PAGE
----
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Things to do at Valley of Fire State Park

Things to do at Valley of Fire State Park

Less than an hour outside of Las Vegas, Nevada, Valley of Fire State Park is a gorgeous day trip adventure. If you have more time to explore the park, there is camping at the state park as well. 


Finishing up our winter galavanting around ski resorts, we left Mammoth California and started our journey east toward Oklahoma. Having just a week and a half-and needing to make stops in Salt Lake City and Denver-we didn’t have a ton of time to explore. That tends to be the way of things when we head toward Oklahoma.  Our plan was to head straight to Escalante Utah, where we have fallen in love with the wild area. However, just an hour outside of Las Vegas, a road sign caught our eye: Valley of Fire State Park.

Valley of Fire State Park Nevada


While we’d heard of Valley of Fire State Park and seen the stunning photos of it on Instagram, we’d never been there or even really had it on our radar. So, honestly, neither of us knew it was even on our route! This year, we are trying to be more flexible with our routes, allowing for more detours on a whim. With that in mind, we took the exit toward Valley of Fire State Park. Escalante will be there whenever we get there.

We had just one day to explore Valley of Fire State Park, and we explored quite a bit for just a one day trip. This would be a fantastic day trip from Las Vegas if you are visiting the city and want to explore nature a bit as well.


Although the signs said that the campgrounds were full, we went ahead and asked the ranger at the entrance if there were campsites available. To our surprise, he said there actually were! Our first order of business was to secure our spot for the night in the Arch Rock Campground. This is a nice primitive campground with no hookups but does have pit toilets as well as picnic tables and water spigots.

There is another campground on the same road, the Atlatl Rock Campground, that has RV hookups as well as shower facilities. Alternatively, the park is surrounded by BLM Land that offers free camping (with no amenities). We needed to refill on water, so we opted to pay for the night of camping. Oddly enough, the BLM land had cell signal while we weren’t able to get cell signal in either of the campgrounds, even with our 4G Signal Booster.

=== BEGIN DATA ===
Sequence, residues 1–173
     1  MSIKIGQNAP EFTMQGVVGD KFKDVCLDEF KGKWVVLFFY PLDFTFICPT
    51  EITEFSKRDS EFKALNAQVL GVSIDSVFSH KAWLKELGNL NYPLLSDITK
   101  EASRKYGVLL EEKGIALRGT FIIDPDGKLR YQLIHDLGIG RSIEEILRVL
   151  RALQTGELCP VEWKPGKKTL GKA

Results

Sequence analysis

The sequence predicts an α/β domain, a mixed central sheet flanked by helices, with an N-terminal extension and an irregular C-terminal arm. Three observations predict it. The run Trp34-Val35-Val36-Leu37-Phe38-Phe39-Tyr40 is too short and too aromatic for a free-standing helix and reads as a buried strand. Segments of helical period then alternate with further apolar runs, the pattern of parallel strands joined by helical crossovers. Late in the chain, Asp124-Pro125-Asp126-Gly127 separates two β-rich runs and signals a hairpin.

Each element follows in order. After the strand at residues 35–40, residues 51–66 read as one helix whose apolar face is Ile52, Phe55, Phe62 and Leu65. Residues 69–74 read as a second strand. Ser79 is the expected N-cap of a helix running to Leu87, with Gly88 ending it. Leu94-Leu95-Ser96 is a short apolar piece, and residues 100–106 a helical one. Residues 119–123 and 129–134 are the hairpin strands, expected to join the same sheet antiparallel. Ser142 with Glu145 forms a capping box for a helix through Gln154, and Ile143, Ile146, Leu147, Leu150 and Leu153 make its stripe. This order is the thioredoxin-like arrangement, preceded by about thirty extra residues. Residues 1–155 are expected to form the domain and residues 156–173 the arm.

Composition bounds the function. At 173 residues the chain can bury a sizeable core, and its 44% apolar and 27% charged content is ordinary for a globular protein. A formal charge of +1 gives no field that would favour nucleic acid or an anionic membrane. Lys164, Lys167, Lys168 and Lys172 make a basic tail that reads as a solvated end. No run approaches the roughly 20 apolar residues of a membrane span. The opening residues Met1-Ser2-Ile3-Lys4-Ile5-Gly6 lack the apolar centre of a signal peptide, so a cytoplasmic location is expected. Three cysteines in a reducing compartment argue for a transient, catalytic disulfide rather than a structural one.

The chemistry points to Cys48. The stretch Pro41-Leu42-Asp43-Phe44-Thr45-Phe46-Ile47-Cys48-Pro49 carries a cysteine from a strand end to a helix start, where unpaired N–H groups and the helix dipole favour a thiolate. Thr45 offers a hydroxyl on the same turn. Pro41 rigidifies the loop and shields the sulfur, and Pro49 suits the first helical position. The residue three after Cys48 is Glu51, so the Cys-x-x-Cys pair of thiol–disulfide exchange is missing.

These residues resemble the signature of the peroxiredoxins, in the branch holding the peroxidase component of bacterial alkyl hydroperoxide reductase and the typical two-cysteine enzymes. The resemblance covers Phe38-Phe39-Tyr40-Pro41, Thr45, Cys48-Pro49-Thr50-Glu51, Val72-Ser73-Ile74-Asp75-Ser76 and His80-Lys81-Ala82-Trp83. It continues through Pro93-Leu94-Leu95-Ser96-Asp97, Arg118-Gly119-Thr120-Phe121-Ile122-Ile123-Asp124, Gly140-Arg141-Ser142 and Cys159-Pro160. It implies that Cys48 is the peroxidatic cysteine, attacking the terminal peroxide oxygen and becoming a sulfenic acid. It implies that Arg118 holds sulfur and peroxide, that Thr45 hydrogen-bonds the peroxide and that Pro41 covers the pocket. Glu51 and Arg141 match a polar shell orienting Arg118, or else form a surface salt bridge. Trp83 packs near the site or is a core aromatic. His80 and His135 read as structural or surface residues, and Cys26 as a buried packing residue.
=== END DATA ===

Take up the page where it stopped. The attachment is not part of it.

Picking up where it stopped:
Dog Friendly Hikes Valley of Fire


After our campsite was secured, we set out to find some hikes and explore the beautiful red Aztec sandstone landscapes. One of the great things about this particular state park is that dogs are allowed on the trails. As you may know, we tend to avoid hiking for too long at National Parks because dogs are not allowed on the trails. So this was a welcomed change and Pyros certainly enjoyed getting out and stretching her legs! 

We brought along a collapsible dog bowl for her water. Since it was a warm day, we were worried about the sandstone heating up on her paws. After checking the ground temperature several times, we realized that the sand and sandstone was actually quite cool compared to the atmosphere. It wasn’t too hot out, but keeping those paws safe is always a concern!


Since we only had one day to explore Valley of Fire State Park, we decided on two shorter hikes. The Fire Wave Trail was the first hike, a short mile and a half out and back trail across sand and slickrock. Once we reached the Fire Wave, we continued a bit past the namesake rock and up the hill on the other side. This viewpoint actually gave us an even better perspective of the Fire Wave, and we could actually see why it was named as such. From the backside, the formation actually looks like a wave in the ocean curling over.


Our second hike for the day was White Domes Trail. This is another short hike at just over a mile. It is a loop, too, so the scenery is impressive to the last step! As you come down the trail from the parking lot, you’ll soon arrive at a “ruin” of a building. It seems that many people stop and turn around at this ruin, however, it is not the end of the trail and we’d encourage you to continue the loop. You’ve barely gotten to the good stuff by that point!

Turning down the wash past the ruin, a trail marker guides you into a narrowish slot canyon. As huge fans of slot canyons, this was a nice unexpected treat on this hike. The slot canyon is pretty short, and you’ll come to a wide opening on the other side. The remainder of the trail is wide open with sweeping views of the surrounding landscape.


Returning to the van after hiking White Domes Trail, it was approaching sunset. While we would have loved to stay and catch a stunning sunset over the area, it is unfortunately not allowed in this state park. The park officially closes at sunset, and visitors are not to remain in the park (other than in the campgrounds) past sunset. Watching the sunset would therefore mean that we would have been out in the park after sunset, so we opted to return to the campground. We have been told that the park rangers do enforce that rule and will write tickets, so we think it’s best to stick to the rules on this one.